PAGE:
Here in Santa Fe, you have to have a second (or third) job that supports your art and does good in the world. My daughter calls these "Superhero Jobs." Sometimes the name fits because your first job is working at a newspaper, like Peter Parker and Clark Kent.
At my last web-design job, the programmer toured England playing the mandolin, the office manager had a thriving craniosacral practice, the production designer was the bass player in a post-punk band, I wrote and directed short films, and a content provider sang blues professionally. If we hadn't had to actually create a website for our boss, we could have contracted a manager and played Vegas.
In our town, this is normal. In fact, it's so normal, we get complacent; we don't expect to get paid for our after-business-hours "meaningful work." I crewed up a short film with 17 of the best hard-working grips and gaffers and only paid the price of insurance. But that's also because even though Santa Fe has the lowest unemployment rate, we also have the lowest rate of pay, period. Half your salary is the sky. And you bet we take the tme to cash in those sky dollars. No matter how long you've lived here—and I've been here almost 30 years—you still pull off to the side of the road and whip out your point-and-shoot for a double rainbow.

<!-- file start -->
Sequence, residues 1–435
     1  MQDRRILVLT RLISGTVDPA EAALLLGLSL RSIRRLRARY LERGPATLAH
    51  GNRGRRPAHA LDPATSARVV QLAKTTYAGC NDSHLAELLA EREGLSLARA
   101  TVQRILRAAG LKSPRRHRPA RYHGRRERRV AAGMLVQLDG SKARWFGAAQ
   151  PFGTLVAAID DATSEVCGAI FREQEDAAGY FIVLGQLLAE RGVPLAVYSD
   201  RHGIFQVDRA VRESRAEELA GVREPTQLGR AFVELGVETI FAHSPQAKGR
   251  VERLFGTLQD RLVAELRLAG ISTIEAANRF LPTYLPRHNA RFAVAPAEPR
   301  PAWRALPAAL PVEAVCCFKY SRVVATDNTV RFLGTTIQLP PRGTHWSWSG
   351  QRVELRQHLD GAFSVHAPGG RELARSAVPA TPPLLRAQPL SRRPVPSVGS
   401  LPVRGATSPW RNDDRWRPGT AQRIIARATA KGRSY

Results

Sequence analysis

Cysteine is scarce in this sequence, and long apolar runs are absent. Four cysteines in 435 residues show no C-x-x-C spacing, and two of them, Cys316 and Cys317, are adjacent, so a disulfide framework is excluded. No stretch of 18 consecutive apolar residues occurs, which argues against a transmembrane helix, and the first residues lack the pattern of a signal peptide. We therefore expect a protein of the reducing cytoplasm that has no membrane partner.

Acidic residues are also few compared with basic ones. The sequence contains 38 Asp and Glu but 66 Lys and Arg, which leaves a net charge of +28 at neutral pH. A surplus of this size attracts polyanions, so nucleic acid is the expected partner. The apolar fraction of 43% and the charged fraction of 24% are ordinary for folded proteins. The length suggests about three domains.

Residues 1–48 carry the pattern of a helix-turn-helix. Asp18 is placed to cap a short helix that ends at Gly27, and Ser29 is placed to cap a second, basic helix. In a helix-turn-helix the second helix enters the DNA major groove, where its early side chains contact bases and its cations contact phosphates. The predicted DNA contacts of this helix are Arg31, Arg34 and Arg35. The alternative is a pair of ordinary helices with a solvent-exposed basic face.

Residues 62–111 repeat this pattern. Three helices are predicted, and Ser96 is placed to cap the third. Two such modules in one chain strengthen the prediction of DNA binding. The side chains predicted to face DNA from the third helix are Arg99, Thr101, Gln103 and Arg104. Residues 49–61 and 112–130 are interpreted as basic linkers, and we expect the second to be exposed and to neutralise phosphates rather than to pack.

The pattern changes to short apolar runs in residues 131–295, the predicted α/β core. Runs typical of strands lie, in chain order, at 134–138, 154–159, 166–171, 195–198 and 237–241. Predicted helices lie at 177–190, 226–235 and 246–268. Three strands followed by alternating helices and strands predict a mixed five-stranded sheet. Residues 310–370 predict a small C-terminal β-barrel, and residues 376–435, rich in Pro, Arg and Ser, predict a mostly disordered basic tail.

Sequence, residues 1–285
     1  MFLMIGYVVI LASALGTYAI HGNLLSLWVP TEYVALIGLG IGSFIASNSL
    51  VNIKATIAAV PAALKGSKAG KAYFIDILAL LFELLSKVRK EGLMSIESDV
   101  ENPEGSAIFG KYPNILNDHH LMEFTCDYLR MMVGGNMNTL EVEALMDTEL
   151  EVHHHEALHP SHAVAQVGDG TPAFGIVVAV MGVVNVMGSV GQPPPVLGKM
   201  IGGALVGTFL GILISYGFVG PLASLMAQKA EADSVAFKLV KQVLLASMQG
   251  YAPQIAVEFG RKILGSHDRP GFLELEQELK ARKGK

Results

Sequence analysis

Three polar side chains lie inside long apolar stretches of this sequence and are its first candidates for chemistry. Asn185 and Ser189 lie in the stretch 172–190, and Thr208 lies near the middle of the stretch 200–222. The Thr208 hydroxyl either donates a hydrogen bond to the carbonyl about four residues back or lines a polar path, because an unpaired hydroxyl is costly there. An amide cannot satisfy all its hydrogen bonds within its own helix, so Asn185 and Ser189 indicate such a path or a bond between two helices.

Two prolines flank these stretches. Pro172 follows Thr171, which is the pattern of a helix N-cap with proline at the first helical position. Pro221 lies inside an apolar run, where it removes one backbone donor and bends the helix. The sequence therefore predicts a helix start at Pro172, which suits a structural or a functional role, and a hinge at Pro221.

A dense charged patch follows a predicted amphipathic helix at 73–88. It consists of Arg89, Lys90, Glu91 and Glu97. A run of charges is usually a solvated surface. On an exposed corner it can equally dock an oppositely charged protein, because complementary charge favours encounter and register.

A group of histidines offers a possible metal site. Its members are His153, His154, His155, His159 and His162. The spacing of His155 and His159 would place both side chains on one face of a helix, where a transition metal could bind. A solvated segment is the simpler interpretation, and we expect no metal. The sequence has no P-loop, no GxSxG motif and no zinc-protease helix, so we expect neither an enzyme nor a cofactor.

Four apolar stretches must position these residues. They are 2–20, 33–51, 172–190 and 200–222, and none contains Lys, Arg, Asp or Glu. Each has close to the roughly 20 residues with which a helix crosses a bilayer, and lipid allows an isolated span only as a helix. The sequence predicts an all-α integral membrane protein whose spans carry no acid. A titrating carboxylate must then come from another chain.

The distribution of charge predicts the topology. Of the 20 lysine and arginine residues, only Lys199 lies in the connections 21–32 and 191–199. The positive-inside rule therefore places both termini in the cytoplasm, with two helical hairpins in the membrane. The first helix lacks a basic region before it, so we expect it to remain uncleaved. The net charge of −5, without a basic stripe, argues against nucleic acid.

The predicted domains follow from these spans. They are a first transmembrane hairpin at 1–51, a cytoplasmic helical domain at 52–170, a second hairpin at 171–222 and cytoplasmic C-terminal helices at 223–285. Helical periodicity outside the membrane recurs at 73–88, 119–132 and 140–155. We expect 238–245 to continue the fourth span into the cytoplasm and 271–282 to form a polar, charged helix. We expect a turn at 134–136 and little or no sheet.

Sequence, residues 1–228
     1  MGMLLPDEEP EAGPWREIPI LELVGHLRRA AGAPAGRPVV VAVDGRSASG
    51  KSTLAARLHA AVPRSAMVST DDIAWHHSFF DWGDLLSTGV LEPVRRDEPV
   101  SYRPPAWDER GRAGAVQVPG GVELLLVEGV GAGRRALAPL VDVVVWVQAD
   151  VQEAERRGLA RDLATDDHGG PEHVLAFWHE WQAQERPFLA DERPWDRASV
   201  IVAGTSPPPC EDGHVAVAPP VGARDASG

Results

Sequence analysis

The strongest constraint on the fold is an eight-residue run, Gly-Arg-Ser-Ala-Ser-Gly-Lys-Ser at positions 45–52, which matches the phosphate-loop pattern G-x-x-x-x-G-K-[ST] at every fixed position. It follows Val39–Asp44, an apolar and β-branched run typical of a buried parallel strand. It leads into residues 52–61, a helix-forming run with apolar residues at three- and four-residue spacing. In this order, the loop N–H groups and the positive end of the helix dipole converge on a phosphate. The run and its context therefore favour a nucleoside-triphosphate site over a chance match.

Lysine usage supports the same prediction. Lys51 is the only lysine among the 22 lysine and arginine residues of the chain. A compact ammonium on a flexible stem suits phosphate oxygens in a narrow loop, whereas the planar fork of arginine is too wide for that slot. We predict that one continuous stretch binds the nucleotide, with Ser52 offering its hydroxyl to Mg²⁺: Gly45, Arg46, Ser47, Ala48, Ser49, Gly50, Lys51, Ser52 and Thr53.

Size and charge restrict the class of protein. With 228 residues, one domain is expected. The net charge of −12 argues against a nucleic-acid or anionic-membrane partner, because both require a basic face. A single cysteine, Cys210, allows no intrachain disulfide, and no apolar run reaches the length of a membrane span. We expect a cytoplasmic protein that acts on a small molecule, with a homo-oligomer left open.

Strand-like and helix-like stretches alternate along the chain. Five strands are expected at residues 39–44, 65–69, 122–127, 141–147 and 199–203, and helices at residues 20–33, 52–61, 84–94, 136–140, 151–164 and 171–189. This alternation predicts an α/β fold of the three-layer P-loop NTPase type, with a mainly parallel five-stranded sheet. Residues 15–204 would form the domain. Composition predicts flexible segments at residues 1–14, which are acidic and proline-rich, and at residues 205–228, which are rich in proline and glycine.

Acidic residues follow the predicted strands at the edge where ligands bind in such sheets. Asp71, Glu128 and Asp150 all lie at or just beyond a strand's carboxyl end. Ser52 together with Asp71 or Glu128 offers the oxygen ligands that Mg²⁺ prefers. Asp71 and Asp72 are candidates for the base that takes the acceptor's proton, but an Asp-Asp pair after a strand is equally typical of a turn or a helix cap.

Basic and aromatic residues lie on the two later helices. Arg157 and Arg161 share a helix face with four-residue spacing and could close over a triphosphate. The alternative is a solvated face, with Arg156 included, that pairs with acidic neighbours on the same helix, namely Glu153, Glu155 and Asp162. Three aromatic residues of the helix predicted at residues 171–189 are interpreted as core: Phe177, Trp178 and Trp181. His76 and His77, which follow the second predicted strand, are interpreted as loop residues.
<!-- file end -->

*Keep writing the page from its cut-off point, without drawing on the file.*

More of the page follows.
I'm determined to make my next job my Superhero job. It may be social networking for a new studio startup, or digging up worm bedding to sell at the farmers' market, or writing a libretto from my favorite science fiction novel. It's time the universe started paying us back in more than scattered lightwaves and dust particles.